First, if it’s a bona fide marriage then congratulations! So, you get a green card no matter what right?! Though that seems to be a common belief it’s untrue.
An immigrant who marries a US citizen might be able to get a green card but there are a variety of conditions that must be met before an intending immigrant can be the beneficiary of an immigrant petition filed by a US citizen.
Generally speaking two things have to be true.
1. The marriage must be real and not entered in to for the purpose of evading immigration laws or solely for the purpose of gaining immigration benefits.
How do you prove that? Well basically the USCIS looks to evidence of a shared life together. They look for shared assets and liabilities and also that you held yourself out to the public as a real couple. The USCIS likes to see joint bank accounts, insurance, utilities, cars, houses, life insurance, credit cards, etc.. They also like to see evidence of travel and evidence that you spent time together with family or friends. Pictures are very useful to show travel and time spent with others. A couple of selfies at a location a few blocks from the immigration office aren’t going to be sufficient. Though there is no exact test of how much you need, more is better. Err on the side of bringing everything you have rather than too little. You have 30 minutes to convince a random USCIS officer who sees dozens of cases a day that you’re a real couple or they’ll devastate your life by trying to remove you after they deny your case.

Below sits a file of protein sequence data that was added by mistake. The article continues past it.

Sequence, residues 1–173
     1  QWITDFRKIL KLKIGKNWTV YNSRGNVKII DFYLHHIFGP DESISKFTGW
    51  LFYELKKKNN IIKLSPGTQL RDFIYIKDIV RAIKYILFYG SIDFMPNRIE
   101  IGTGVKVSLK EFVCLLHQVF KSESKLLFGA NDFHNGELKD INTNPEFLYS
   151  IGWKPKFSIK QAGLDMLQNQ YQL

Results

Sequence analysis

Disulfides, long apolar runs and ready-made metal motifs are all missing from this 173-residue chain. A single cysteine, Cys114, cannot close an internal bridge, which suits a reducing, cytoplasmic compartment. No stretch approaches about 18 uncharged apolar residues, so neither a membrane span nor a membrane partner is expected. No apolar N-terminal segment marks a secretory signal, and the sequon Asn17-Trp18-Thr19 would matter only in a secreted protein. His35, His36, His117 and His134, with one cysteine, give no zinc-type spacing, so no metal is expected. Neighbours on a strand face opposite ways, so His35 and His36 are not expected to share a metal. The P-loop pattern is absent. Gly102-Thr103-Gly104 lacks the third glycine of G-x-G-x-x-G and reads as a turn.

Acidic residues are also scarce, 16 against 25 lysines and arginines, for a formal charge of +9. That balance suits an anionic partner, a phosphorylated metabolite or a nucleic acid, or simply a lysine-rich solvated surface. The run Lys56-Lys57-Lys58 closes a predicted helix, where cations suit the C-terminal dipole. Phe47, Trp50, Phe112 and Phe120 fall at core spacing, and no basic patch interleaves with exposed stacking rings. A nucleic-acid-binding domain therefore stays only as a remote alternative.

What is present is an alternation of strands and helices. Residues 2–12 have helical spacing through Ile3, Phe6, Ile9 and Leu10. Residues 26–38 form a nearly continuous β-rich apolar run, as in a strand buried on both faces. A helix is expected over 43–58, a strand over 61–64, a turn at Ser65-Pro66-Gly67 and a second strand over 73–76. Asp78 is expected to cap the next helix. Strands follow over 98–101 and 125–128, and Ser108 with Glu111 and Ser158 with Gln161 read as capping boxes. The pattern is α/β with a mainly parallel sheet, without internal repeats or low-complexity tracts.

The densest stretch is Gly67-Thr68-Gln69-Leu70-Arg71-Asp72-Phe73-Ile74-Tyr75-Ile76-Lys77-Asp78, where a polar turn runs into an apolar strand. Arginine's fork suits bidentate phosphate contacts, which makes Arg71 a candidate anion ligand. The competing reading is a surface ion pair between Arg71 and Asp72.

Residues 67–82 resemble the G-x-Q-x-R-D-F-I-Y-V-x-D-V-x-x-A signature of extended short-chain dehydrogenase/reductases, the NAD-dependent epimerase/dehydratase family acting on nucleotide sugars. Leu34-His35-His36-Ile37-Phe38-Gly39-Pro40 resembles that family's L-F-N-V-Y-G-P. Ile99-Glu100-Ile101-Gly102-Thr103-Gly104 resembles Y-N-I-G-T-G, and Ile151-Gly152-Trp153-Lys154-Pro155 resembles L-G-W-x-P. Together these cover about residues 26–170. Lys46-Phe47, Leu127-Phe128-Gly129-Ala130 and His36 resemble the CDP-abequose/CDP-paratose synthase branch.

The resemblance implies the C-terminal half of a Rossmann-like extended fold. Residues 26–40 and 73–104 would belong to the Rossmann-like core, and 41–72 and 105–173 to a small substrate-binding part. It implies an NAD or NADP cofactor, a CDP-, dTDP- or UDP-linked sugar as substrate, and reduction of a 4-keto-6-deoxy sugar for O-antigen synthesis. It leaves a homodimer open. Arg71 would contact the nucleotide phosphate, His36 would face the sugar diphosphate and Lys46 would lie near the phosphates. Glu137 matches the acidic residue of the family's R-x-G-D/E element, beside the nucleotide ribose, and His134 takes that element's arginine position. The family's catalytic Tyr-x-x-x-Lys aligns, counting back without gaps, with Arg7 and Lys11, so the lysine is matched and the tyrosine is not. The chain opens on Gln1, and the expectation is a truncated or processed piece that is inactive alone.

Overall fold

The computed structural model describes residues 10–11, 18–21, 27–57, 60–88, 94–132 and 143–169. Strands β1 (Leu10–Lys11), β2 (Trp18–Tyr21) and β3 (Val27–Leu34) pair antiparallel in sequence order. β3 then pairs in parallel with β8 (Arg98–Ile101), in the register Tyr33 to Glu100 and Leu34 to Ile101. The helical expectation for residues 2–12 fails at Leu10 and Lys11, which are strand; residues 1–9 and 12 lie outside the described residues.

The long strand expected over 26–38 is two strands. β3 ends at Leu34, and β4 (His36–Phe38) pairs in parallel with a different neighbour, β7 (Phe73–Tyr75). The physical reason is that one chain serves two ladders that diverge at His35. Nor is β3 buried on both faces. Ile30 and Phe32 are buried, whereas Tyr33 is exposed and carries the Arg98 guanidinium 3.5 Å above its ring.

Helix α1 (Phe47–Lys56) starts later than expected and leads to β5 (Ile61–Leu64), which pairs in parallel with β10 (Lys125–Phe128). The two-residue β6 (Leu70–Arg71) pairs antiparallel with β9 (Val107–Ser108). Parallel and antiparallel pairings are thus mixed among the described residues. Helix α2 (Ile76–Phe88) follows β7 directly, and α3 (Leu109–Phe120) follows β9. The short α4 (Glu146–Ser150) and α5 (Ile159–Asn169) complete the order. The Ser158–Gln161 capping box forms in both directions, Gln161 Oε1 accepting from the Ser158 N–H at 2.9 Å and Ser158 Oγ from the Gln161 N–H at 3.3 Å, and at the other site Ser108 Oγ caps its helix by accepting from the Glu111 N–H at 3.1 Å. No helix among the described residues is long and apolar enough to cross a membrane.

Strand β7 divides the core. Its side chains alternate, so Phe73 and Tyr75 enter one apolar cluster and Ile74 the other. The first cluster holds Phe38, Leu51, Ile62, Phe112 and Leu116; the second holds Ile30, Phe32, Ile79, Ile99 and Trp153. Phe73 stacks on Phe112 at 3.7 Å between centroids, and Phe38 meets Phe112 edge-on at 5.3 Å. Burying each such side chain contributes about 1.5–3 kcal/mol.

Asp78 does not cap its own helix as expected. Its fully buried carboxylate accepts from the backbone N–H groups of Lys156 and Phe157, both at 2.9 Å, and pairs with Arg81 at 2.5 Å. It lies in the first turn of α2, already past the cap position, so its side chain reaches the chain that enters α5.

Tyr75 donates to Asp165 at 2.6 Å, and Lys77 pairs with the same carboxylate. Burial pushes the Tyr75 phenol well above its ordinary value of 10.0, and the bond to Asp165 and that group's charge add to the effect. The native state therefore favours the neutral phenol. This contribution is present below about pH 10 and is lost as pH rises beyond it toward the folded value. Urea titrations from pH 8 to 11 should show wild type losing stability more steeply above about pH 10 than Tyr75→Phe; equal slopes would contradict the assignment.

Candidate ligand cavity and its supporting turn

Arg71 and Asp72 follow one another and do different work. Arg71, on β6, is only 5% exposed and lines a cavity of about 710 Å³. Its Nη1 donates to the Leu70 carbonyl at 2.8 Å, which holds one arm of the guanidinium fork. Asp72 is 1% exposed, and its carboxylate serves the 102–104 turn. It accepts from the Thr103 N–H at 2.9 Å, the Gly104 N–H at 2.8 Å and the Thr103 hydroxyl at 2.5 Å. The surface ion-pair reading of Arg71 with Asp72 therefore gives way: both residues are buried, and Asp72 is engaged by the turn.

2. The immigrant must also be “admissible”.
Even if the relationship is real, if you’re not admissible then you’ll get denied. A lot of things can render you inadmissible.
In no particular order here what I’ve found to be the most common problems.
A. Criminal offenses. Call a lawyer. Seriously. If you have criminal issues call a lawyer before you ever file anything.
B. Entered without inspection or overstaying a visa. A very common problem. Generally, if you entered without inspection you are unable to file for a green card even if you have a bona fide marriage to a US citizen. There is 1 exception. If you were here before December 2000 AND someone filed an I-130 for you (or an employer filed a labor certification for you) before April 30, 2001 AND it was approvable when filed (even if later denied) you can pay a $1000.00 penalty fee and still get a green card.
Everyone else is out of luck unless Congress gets their act together and passes immigration reform.
If you entered without inspection call a lawyer before you file anything.
If you entered on a visa (other than a J or crew visa) you will likely be able to get your green card as you were inspected by immigration when you arrived.
Again, call a lawyer.
C. US citizen doesn’t make a lot of money. Check the I-864P for the exact amount that the petitioner has to make. You can get a joint sponsor if the petitioner doesn’t make enough. It has to be a citizen or permanent resident and you’ll need their taxes and proof of status. You need to get this squared away before you file or you risk a denial.
D. Exit or removal and then reentry without inspection.
You could be barred from becoming a resident forever and risk prison. Call a lawyer.
There are a variety of other issues that could lead to denial. The inadmissibility grounds are found in section 212 of the Immigration and Nationality Act if you want to take a look. I always advise leaving it to the professionals though.
In other words, call a lawyer.